## Introduction

The problem of searching is very trivial. It goes like this:

There is an array of elements A[1..N] and we need to find the index of a given element in the array. In case the element is not present in the array, we can choose to return a specific value (say -1) which suggests that the element doesn’t exist in the array.

Binary Search is a very efficient and interesting searching algorithm. Regular searching algorithms take running time proportional to the size of the input. They are called linear time algorithm O(N) to be asymptotically true.

Binary Search on the other hand minimizes the running time for the search. It is a logarithmic time algorithm O(logN), where the base of the log is 2.

To provide this dramatic reduction in the running time, the input has to satisfy one condition and that is, the input array has to be sorted in increasing order.

You can modify the algorithm to work for arrays which are sorted in descending order as well.

## How does the Binary Search Algorithm Works?

Ever tried looking for a word in the dictionary? Most of you will answer in Yes! And that is correct. If you know how to search in a dictionary, you know Binary Search 🙂

The Binary Search Algorithm works on one idea:

- Eliminate as many elements as possible without looking at them. (Best done by skipping half elements at a time)

For simplicity, let us consider an integer array which is sorted in ascending order

Let us try and find the integer K in the array. The binary search algorithm has the following steps:

- Choose a range of elements say, [L .. R]
- Find the middle of the range, say M
- Look at the element at index M. Is K equal to the element at M – (Probing Step)
- Yes – return M
- No – Is the element at M greater than the K
- Yes – shrink the range to left [L .. M-1]
- No – shrink the range to right [M+1 .. R]

- Repeat this until the range shrinks to just one element

For the below array, the arrows mark the probes we perform to find the number 2.

- The biggest and darkest arrow divides the range at index 5 and eliminates a big chunk from the right.
- The slightly smaller arrow divides the range at index 2 and eliminates the right part.
- The third arrow divides the range at index 0 (truly speaking there is no elements in the left part)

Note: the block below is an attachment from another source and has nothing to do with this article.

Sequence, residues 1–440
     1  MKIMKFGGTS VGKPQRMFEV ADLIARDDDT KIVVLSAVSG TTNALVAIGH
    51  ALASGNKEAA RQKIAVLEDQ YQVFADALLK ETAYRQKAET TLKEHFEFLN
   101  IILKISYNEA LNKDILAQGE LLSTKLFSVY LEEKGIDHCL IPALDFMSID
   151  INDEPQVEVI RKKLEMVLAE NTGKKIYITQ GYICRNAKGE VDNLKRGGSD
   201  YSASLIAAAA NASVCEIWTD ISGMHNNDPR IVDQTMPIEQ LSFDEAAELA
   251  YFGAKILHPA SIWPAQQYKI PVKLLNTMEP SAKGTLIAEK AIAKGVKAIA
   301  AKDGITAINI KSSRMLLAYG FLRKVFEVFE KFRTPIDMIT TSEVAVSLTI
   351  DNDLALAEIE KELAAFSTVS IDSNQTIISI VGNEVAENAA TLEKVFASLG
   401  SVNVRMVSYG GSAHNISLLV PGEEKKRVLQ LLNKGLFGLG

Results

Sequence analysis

- The fourth arrow lands at the right element.

## Source Code

The Binary Search code is really tough to get right. Most of the code I find fail for certain test cases. Here are few test cases which you must test when you write the code yourself

- Search for an element which is bigger than the last element in the range
- Search for an element which is smaller than the first element in the range
- Search for an element which is present in the middle of the range
- Search for an element which is at index 0
- Search for an element which is at index A.length – 1
- Search for an element which doesn’t exist in the array and is 1 greater than the element at the middle.

1 2 3 4 5 6 7 8 9 10 11 12 13 14 |
public static int binarySearch(int[] A, int N) { int start = 0, end = A.length-1, mid ; mid = start + (end - start) / 2; while (start <= end) { if (A[mid] == N) return mid; else if (A[mid] > N) end = mid - 1; else start = mid + 1; mid = start + (end-start)/2; } return -1; } |

## Conclusion

Binary Search is considered to be the easiest code, but it is not. Getting it right is complicated. Also, it is not just used for searching within a range of sorted elements but can be utilized for many other solutions too!

Here are few problems mentioned in Programming Pearls which can be solved using Binary Search!

- Finding missing element in a sorted list
- Finding missing element in a huge file of random numbers in a huge range.
- Binary Search Trees are a good implementation of Binary Search
- Solving Single Variable Equation

There are many more which we will discuss in the upcoming posts.

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